Compliance and legal frameworks: Implementing effective internal controls and mechanisms to monitor compliance with applicable laws, regulations, and industry standards, as well as to address any legal or regulatory violations, is a critical governance component. The CFO function is often tasked with the responsibility of ensuring the company adheres to relevant ESG reporting requirements, guidelines, and industry standards.

Executive compensation: Aligning executive compensation with the company’s ESG performance and setting performance metrics related to ESG goals can motivate management to prioritize sustainability and responsible practices.

Ethical practices and code of conduct: Establishing a code of conduct and ethical practices that incorporate ESG-related elements will guide employee behavior, promote integrity, and prevent unethical practices. This is an essential piece of a strong governance framework.

For public companies, governance also includes shareholder rights and investor relations. Protecting and respecting the rights of shareholders is crucial. As investors increasingly consider environmental, social, and governance actions when evaluating investment decisions, the CFO plays a crucial role in communicating the company’s ESG strategy, priorities, targets, and related performance to investors and analysts.

Strategy execution

Regardless of whether you’ve produced a robust sustainability report previously or are just beginning on your journey, it’s important to develop an ESG strategy that is aligned with your corporate strategy. It should include identifying ESG-related priorities and metrics, setting measurable goals and targets to track progress, and developing action plans inclusive of the resources required to achieve your objectives.

Understanding the roles of risk management and board oversight related to ESG is critical. Establishing a governance infrastructure that incorporates ESG is the first step.

The next is to evaluate the ESG-related knowledge and skills of your team. Identifying the gaps and providing the education necessary for the support teams — management, board, accounting, and operations — is crucial for addressing ESG elements and strategy execution.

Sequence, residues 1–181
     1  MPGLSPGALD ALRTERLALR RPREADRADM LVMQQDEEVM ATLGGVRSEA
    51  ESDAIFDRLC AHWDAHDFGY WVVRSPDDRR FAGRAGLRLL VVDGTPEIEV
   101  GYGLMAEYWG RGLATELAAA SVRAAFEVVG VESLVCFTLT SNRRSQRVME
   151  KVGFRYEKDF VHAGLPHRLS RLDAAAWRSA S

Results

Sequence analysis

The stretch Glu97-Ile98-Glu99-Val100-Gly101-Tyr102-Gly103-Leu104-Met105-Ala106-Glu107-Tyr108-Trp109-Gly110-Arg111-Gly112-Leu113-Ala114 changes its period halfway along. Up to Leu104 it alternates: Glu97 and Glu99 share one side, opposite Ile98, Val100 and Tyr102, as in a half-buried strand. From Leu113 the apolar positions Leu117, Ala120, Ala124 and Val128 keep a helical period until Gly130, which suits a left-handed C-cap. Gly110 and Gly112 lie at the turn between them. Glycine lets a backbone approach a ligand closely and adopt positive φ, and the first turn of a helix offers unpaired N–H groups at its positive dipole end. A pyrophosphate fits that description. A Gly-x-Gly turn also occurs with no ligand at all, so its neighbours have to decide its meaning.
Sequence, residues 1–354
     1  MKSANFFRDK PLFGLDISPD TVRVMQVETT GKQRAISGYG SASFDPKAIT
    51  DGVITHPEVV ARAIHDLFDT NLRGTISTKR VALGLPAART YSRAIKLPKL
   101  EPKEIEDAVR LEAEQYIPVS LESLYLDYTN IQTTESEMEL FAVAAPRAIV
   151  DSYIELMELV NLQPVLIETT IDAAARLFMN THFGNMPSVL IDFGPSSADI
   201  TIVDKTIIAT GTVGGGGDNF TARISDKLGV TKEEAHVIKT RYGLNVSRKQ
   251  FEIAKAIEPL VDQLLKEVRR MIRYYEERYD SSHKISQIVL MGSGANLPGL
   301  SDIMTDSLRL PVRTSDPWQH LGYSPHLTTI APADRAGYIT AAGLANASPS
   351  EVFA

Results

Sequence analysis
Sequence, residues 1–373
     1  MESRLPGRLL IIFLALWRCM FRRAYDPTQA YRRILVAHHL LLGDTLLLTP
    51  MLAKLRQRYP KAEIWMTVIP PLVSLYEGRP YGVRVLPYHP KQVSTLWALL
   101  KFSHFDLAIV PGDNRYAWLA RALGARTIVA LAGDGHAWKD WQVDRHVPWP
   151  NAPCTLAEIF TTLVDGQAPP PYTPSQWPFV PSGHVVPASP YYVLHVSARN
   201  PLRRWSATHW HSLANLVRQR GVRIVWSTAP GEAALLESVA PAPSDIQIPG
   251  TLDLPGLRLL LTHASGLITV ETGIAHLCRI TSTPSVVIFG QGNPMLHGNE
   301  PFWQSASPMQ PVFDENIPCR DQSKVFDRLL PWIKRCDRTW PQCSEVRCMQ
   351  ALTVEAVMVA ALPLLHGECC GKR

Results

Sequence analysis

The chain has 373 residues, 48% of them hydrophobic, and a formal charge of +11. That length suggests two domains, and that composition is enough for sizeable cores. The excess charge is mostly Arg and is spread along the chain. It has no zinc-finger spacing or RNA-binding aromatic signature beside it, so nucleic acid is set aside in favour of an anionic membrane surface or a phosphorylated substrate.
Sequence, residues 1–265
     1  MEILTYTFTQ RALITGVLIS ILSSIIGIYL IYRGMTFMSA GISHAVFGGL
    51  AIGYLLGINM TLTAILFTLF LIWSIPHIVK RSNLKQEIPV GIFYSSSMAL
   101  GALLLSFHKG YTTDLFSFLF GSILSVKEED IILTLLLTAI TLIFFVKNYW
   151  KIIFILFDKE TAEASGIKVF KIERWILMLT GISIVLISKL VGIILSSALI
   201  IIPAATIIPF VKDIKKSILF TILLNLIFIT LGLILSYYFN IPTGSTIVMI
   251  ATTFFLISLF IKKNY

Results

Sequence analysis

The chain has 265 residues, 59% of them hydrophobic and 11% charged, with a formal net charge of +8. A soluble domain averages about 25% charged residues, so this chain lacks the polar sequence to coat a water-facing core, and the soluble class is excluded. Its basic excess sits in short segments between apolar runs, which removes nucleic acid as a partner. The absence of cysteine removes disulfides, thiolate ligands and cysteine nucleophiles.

Companies should look to deploy a cross-functional team to support the strategy implementation and identify key reporting data points to prepare for the SEC’s proposed climate-related disclosures. Often led by the CFO, this team will include risk management, operations, compliance, accounting, and internal audit. Operational teams play a key role in identifying and measuring ESG-related data, as well as implementing strategies to support the successful obtainment of identified targets and goals. Ultimately, the CFO will have responsibility for the climate-related disclosure reporting within the annual filing.

Companies that have integrated ESG elements into their corporate governance practices will not only be poised to comply with climate-related disclosure requirements from regulators and key stakeholders but will be better equipped to manage risks, attract investors, enhance their reputation, and contribute to long-term sustainability and responsible business practices. The ability to report on ESG elements will not only give a leg up on competitors, potentially unlocking new sources of capital or business, it’ll be a must-have to engage in business.

At Byline, we take the time to get to know your business. Whether you’d like to improve cash flow, expand operations or update equipment, our team can customize financing and treasury solutions to help. Get in touch.

This article was written by Mallory Thomas from and was legally licensed through the Industry Dive Content Marketplace. Please direct all licensing questions to [email protected]